Okay, so now after all the hard work from the last 3 tutorials (part 1, part 2, part 3), the real fun begins. We're going to add the final touches to your map to really spark your players imaginations. Once again, we'll be using GIMP, the free open source image manipulation application to wrap-up our map project. If you have access to Adobe Photoshop, you can use that app as well. The methods and techniques will be very similar.
In tutorial 3, we went over a number of GIMP's features that helped you enhance your hand drawn map. We'll be using some of them for the final portions of the map. I'll cover some in this lesson but you may want to go over those techniques in lesson 3 if you haven't already.
The first thing that you want to do is open your flattened map file that you created in lesson 3 into GIMP. This flattened file will include all the text and the hand drawn, inked map background all on a single layer.
In your layers pallet, you will want to change the name of the layer from Background to Map. This way, we can add layers beneath the map layer as well as above if need be.
The next thing you want to do is to change the mode of the map file from Grayscale to RGB. To do that, go to Image >> Mode >> then select RGB. Your map is now ready to accept color information.
You are now going to add the paper texture background to your map. Download the image file to the right by clicking on the image so it opens on it's own, then right-clicking select Save Image As... and save the image to your desktop. Open that image in GIMP. Copy the image and paste it into the map file. When you paste it into your map file you won't see it right away but a new layer will be created called "Floating Selection (Pasted Layer)". Double click on that layer name and rename it 'Paper Background'. You should now see the paper texture. You can resize and position the paper using the scale tool, rotate tool and the move tool as needed.
After you have scaled and positioned the paper texture to fill the map area you want to move the Paper Background layer below the map layer. Now select the map layer and under the Mode drop-down menu select Multiply. You will now see your map drawing on top of the texture paper background. Already things are looking pretty good, right?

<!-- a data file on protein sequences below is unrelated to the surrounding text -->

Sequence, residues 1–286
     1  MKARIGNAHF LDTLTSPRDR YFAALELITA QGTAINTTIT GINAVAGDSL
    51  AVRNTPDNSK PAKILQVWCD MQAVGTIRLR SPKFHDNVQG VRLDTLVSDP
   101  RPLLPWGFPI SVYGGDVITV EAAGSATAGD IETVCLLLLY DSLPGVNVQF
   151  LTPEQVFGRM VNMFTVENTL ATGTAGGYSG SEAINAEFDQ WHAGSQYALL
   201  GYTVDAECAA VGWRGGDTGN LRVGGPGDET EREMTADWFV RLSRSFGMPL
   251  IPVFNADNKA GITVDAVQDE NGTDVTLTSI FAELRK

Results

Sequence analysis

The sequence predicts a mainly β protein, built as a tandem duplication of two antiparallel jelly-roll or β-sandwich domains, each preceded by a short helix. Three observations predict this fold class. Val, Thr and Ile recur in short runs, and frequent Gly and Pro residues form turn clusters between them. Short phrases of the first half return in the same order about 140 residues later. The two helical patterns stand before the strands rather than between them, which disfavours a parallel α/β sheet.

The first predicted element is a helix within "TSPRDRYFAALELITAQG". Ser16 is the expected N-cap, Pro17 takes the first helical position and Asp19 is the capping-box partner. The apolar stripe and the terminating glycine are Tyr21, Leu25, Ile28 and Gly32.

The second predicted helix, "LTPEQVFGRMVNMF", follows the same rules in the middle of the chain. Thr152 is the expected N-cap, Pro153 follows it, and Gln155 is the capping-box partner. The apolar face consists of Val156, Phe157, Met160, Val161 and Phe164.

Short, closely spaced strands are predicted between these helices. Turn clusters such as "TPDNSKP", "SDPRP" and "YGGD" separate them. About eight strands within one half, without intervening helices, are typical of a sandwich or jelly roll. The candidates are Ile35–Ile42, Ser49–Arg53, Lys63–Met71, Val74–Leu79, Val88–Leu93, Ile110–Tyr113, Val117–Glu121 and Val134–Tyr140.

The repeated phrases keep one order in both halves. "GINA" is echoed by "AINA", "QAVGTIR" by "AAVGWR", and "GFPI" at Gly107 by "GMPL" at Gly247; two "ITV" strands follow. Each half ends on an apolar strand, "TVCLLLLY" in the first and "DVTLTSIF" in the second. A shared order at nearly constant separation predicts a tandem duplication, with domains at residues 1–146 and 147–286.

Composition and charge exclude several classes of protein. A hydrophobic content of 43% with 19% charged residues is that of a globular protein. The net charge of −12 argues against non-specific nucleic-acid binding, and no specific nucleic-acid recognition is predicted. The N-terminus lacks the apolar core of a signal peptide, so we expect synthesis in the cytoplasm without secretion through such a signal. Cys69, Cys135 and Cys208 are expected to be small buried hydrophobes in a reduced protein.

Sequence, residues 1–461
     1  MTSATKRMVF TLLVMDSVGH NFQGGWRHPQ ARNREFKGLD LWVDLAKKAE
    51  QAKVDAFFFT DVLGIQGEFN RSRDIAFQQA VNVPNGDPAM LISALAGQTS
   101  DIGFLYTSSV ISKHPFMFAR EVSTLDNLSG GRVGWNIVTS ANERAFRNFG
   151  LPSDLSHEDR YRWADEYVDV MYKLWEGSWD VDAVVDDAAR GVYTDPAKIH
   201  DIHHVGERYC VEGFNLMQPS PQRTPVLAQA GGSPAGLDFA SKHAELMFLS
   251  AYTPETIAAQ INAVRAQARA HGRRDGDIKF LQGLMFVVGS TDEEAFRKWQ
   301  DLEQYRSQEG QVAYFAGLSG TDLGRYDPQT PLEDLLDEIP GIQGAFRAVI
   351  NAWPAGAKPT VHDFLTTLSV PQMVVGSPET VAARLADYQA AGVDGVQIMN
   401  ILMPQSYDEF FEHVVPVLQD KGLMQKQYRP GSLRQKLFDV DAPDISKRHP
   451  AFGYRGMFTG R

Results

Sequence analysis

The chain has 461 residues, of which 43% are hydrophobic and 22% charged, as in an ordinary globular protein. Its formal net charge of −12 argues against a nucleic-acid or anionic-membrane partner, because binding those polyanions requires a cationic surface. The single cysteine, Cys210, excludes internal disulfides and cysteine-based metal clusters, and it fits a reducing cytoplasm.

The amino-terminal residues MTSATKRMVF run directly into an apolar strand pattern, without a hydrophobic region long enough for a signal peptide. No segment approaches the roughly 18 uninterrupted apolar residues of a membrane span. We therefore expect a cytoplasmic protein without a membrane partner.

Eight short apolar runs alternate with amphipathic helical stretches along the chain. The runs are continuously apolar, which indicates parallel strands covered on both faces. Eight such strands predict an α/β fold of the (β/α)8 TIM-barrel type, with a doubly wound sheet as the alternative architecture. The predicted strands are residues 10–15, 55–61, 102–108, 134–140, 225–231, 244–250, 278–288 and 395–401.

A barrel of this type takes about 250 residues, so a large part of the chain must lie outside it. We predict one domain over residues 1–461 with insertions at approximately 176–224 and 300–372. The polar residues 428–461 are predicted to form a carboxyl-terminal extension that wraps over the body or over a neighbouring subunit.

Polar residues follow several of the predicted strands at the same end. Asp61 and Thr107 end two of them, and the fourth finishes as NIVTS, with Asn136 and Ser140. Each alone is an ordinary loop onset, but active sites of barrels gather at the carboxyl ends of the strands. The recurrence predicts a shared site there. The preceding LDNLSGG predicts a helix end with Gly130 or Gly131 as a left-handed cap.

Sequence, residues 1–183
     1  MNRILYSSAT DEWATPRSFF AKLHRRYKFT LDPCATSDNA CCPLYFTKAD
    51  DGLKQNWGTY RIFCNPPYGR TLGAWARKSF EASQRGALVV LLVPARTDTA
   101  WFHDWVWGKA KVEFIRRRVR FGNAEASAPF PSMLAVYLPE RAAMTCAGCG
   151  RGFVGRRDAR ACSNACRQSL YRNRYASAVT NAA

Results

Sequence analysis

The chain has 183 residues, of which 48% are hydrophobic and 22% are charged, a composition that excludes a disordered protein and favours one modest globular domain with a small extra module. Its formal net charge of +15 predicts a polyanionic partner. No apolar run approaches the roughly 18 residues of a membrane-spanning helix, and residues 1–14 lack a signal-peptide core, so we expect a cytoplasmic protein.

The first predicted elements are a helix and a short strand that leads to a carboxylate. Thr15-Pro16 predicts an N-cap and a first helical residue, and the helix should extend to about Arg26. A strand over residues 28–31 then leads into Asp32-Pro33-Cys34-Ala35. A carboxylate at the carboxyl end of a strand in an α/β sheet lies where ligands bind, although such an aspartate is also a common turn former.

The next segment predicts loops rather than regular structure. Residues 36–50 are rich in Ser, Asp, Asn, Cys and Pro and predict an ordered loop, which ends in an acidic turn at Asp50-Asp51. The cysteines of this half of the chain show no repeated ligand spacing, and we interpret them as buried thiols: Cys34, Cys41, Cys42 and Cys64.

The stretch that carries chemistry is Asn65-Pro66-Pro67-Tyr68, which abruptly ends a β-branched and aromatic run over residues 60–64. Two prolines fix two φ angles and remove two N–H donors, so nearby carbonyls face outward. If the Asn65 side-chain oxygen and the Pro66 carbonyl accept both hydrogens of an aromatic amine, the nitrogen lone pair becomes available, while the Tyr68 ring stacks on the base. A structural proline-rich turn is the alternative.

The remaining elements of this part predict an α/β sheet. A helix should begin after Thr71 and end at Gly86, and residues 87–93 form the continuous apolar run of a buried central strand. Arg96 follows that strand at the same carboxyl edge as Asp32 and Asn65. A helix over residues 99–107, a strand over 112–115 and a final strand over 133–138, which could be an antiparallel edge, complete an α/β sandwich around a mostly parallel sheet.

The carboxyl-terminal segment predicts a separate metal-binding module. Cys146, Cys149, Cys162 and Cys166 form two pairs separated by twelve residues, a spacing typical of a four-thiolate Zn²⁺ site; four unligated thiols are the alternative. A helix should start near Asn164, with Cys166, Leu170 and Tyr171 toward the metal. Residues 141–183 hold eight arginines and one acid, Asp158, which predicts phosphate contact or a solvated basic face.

We're going to add a little color to the map to give it a hand painted appearance. Each color element will be on it's own layer. We'll start with the coastline. I like to add the color of water along the coast and lake shores. Select the Airbrush tool, then choose a fill color from the color pallet. Create a new layer and call it Coast and place it below the Map layer but above the Paper Background layer. With the Coast layer selected, choose Multiply from the Mode Drop-down menu once again. Now adjust the brush scale and begin painting along the coastline. I like to paint just the area of the ripples that I drew along the coast. You're painting doesn't have to be perfect, in fact, the more loose you are with it, the more handmade it looks. Using the Airbursh tool in this way can give a nice watercolor look to the colors you add to the map. You'll also notice that the texture of the background paper shows through the color as well when you have the layer mode set to Multiply.
Keep working your coastline and don't forget your river inlets, islands and lakes, altering the brush scale as needed.
Now, repeat this technique with other color elements such as forest or jungle, mountains and hills, whatever your imagination comes up with. I use the paper texture background as the general color of the land masses and just add color highlights. For example, at this scale, I didn't add any forests or jungles by hand, but instead I will add the colors to represent those areas. Again, I may have to adjust the opacity of a layer to get the right effect.
For the mountains, I use a gray tone and fill the shadowed area on the left side. Remember things don't have to be perfect, in fact the less perfect they are the better. It gives it that hand painted quality. Also note that all the colors are below the black outlines of the map. Those black outlines will cover any odd coloring 'out of the line' marks that you make.
Color in any other details that you've added to your map and with a little work, you can have a great prop to hand to your players. Below is my completed copy of the campaign world map.
Now, at this scale I get a pretty broad view of the lands, but my campaign is beginning in the Region of Eir'ian. So I followed the same techniques in these tutorials and created a detailed map of just that area.
You may notice that in this scale, I added 'trees' for the forested areas and additional towns and labeled areas of interest. This was going to be the map that I hand to my players but after a couple of sessions I realized that these level 1 grunts weren't going to need all this land to explore for quite a while so I 'zoomed' in a bit more and created this map:
This represents a tighter area of exploration that my players may actually get to. I focused more on the details of the smaller scale, again adding more areas of interest, towns and ruins. This is the main focus of my sandbox campaign but if I need to expand it then I have a general idea of what is out there. That is my argument for a top-down approach to map making/world building/campaign construction. All of these later maps were created using the same methods that I explained in these 4 posted tutorials.
I hope you found some of these hints and methods useful and I hope you use them in your creative campaign endeavors!
Start over with Part 1